Jamia Millia Islamia University students clashed with Delhi Police over CAB
NEW DELHI| On Friday students from Jamia Millia Islamia University stood out to oppose the Citizenship Amendment Bill. While doing protest hundred of students clashed with police in Delhi after they were prevented from taking out a march to the Parliament House against the amended Citizenship Act. Police detained 50 protesters as the violence spiraled out of control and a ban on large gatherings was imposed in the area.
Police used tear gas shells and batons in an attempt to disperse the agitating students while they were leaving the university premises.
Footage of the incident showed police caning protestors clambering over barricades erected to stop them surfaced over social media. The police and students have both accused each other of starting the violence. 'We were marching peacefully when the police stopped us. Then they lathi-charged us in an attempt to make us retreat,' student at the university said. However, a senior police officer at the spot insisted that the protesters had attacked first forcing them to retaliate with teargas shells.
Even the university proctor's attempts to alleviate the situation failed, with student leaders threatening to continue protesting until the amended Citizenship Act is repealed. Agitators detained by the police have been taken to the Badarpur police station.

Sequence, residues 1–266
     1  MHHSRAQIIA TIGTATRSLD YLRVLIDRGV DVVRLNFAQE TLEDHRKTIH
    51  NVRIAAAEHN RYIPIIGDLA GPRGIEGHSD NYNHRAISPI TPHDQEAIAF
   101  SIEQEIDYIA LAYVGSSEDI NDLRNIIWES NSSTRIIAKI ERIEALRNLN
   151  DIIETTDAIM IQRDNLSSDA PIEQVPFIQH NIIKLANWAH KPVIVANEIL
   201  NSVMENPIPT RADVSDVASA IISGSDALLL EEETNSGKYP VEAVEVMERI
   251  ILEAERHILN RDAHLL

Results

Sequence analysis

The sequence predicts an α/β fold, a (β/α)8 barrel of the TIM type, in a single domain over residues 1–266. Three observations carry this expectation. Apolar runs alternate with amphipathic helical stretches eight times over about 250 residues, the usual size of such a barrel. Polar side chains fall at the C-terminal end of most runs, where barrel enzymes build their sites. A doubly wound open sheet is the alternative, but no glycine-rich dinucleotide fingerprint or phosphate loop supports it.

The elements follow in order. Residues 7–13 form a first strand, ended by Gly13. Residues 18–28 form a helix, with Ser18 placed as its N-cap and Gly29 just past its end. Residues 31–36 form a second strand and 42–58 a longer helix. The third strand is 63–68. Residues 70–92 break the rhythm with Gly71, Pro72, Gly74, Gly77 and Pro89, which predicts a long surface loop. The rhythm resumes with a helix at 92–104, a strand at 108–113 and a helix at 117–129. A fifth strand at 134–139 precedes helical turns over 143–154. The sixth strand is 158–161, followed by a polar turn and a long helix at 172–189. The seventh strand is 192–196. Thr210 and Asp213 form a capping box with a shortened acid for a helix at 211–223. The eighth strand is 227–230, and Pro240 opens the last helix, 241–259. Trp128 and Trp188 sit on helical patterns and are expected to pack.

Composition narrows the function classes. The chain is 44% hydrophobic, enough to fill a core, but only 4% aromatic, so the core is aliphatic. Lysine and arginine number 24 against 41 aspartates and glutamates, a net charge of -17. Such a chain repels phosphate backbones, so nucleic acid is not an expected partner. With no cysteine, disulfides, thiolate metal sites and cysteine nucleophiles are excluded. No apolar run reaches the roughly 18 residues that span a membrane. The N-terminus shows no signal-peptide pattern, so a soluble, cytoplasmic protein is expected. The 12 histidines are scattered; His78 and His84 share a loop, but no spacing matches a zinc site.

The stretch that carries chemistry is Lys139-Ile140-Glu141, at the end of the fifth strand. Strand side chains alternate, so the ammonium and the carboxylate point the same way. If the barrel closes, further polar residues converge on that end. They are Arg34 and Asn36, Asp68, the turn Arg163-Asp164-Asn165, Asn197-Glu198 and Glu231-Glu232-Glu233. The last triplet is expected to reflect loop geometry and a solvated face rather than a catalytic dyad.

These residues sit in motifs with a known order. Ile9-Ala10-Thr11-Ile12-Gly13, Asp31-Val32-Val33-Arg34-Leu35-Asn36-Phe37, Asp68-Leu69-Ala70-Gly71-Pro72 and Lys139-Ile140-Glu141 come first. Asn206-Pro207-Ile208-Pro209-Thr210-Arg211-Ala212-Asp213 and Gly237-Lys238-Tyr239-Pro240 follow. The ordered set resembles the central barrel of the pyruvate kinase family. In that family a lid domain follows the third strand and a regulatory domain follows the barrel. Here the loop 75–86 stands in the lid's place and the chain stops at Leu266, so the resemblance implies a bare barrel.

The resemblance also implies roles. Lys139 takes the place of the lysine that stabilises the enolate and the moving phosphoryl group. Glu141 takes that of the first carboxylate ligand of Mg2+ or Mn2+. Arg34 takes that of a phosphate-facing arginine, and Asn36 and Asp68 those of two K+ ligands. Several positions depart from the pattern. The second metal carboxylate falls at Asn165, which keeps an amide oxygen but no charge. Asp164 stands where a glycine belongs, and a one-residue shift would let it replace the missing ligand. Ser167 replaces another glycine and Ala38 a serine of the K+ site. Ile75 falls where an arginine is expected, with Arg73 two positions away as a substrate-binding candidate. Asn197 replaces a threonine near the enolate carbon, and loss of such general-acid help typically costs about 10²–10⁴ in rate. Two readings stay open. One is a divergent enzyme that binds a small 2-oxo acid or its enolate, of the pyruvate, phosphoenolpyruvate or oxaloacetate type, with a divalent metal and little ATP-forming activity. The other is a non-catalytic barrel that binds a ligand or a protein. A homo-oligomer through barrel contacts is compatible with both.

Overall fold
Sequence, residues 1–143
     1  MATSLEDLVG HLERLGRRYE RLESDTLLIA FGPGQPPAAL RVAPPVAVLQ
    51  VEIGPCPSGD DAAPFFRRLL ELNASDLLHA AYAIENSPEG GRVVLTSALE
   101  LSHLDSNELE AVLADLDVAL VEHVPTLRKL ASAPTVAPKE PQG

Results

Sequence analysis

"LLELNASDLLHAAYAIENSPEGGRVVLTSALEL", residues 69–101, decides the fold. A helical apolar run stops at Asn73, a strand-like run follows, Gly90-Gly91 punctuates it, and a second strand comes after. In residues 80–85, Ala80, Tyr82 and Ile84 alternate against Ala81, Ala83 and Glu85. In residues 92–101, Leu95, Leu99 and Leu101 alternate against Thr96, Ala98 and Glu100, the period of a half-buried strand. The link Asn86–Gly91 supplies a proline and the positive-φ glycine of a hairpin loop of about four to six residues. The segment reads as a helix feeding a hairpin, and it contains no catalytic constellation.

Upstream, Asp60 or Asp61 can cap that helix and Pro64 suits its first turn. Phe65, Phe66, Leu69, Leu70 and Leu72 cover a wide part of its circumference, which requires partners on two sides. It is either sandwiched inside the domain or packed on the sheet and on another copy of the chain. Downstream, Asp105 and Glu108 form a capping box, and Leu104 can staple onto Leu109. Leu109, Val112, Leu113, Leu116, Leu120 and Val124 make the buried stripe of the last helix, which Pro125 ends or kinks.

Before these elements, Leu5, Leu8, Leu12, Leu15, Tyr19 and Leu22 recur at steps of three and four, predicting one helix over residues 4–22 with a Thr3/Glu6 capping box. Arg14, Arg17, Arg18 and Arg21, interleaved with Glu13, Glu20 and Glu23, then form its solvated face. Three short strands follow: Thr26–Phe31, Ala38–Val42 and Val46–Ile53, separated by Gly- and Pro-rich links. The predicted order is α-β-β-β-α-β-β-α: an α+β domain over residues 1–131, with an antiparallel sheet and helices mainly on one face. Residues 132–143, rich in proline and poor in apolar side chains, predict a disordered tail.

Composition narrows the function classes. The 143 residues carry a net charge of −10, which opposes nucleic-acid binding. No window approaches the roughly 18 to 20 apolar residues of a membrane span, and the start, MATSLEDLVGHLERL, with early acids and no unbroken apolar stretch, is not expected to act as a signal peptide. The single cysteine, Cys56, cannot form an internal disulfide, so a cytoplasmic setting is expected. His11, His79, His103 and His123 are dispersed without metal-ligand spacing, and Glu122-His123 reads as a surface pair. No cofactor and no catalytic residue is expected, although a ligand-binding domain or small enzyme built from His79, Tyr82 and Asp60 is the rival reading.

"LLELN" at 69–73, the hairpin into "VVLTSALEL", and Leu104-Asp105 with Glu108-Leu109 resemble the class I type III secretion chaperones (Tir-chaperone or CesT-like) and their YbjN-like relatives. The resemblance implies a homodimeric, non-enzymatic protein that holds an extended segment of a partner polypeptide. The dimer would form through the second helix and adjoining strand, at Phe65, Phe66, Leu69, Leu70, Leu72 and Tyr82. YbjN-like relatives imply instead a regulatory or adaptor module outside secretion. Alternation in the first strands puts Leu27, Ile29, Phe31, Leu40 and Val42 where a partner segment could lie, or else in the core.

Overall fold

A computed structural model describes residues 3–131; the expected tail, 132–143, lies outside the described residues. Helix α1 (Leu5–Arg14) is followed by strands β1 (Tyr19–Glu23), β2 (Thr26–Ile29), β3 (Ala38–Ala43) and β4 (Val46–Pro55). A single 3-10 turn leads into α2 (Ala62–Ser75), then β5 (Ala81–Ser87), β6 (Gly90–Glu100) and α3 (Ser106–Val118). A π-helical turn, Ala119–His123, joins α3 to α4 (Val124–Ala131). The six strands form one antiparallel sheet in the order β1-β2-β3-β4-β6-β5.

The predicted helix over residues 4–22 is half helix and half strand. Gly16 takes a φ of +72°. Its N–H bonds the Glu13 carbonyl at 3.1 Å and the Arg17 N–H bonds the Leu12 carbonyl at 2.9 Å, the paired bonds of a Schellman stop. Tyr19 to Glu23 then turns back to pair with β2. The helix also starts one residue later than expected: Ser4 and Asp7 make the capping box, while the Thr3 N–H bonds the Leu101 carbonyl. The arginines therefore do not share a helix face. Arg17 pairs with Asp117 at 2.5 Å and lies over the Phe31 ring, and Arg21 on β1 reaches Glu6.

Aam Aadmi Party MLA Amanatullah Khan rushed to the spot to take stock of the situation. Two police personnel were among 12 people admitted to a nearby hospital in a serious condition.
The Delhi Metro Rail Corporation briefly closed the Patel Chowk and Janpath stations to prevent the students from using them to reach the parliament, where the controversial bill was passed on Wednesday night. 'As advised by the Delhi Police, the entry and exit gates of Patel Chowk and Janpath metro stations have been closed. Trains will not halt at these stations,' the metro authority said in a tweet. Both the stations reopened about an hour later.
The clashes in the national capital come at a time when much of the Northeast is witnessing violent protests against the amended law, which aims to expedite citizenship for non-Muslim migrants from Bangladesh, Pakistan, and Afghanistan. While rights activists and opposition parties have termed the law as 'unconstitutional' and 'discriminatory', activists in the Northeast claim that it will undermine the Assam Accord-1985 and flood the region with illegal migrants from neighboring Bangladesh.
President Ram Nath Kovind had signed the amended bill on Thursday night, turning it into law.
Jamia Millia Islamia University has postponed all semester exams scheduled for Saturday in view of the tense situation in the varsity after violent clashes between police and students over the controversial Citizenship Act.